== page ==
Moreover, with a predatory offence, the victim takes the initiative in counteraction and the victim, along with most other citizens, can be expected to cooperate fully with the police. In a market-based offence, the police take the initiative, and the public response might be indifferent or even hostile. There is an expectation that each and every predatory offence will be investigated. In market-based crimes, since those who buy are really as guilty as those who sell, there are so many “guilty” parties that the police are necessarily selective about whom to target. Police actions may catch only the most visible and vulnerable who are also the most easily replaced component of the trafficking networks, leaving the illicit market operating largely unscathed.
Indeed, there is a sense in which police action is actually counterproductive. With a predatory crime, a police crackdown can be expected to reduce the number of perpetrators and the number of instances of the offence. With a market-based crime, the opposite is true. The response of illegal markets to intensified police action is to increase, not decrease, the number of participants and the number of transactions there are more intermediaries, each dealing in smaller amounts of merchandise. Therefore, ironically, what would be taken in predatory offences as a sign of a law enforcement crisis, more offenders and more illegal actions, in market-based offences can be taken as a sign of success. By virtue of confounding and compounding the two, crime data become easy to misinterpret. That can lead to serious mistakes in policy and in resource allocation.
Even within North America, the creation of modern market-based offences was scarcely a matter free of controversy. During the 19th century, most governments accepted the sensible notion that personal vice was the business only of the person with the vice, thereby excluding from the criminal code a whole host of offences that would later be incubators of modern “organized” crime.
Then, in the early 20th century, North America was swept by a wave of Puritanism made up of several components: the temperance movement; a resurgence of small-town “decent” values against big-city cosmopolitan decadence; Anglo-Saxon racism (blacks were associated with cocaine, Mexicans and “Hindoos” with cannabis, Orientals with opiates and the Irish with alcohol); and a movement to disenfranchise immigrant voters by closing the saloons which functioned as working men's political clubs.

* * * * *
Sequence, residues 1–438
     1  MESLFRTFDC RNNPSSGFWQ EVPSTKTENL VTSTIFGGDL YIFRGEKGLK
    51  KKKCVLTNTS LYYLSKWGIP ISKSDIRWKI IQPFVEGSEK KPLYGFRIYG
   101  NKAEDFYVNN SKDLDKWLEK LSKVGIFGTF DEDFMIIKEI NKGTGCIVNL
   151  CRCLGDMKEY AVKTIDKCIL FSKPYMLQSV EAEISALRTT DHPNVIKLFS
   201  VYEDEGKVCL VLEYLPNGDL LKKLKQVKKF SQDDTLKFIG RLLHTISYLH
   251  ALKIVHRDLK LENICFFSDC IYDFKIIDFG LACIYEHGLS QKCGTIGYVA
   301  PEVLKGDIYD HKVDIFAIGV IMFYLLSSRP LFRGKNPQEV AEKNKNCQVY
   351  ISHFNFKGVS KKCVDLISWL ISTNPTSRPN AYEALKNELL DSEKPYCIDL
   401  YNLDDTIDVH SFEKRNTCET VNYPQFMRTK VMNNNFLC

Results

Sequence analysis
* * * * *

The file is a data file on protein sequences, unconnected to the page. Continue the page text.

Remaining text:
These political currents were compounded by another. The US Constitution seemed to drastically curtail federal law enforcement powers. Policing serious predatory crime was the preserve of the states. Hence, to assert its presence, the federal authority took the form of regulation, taxation and prohibition of certain goods and services - in effect, the very creation of the category of market-based crime. Recreational drugs, prostitution, gambling and even alcohol were criminalized and federalized. Canada and much of the Western world followed the American lead, albeit usually with less intensity.
There were several consequences. One was the extinction of the old red light districts henceforth, the business of supplying and demanding personal vice ceased to respect intra-urban frontiers. Indeed, the criminalization of supply meant that criminal entrepreneurs had to deliberately mix with polite society to lower their profile. A second was the creation of a class of wealthy criminals who could use the profits resulting from criminalization of personal vice to penetrate legitimate parts of the economy. A third was the emergence of the view that “organized crime” in the vice trade was the result of an alien conspiracy, a view that continues to misinform debate to this day.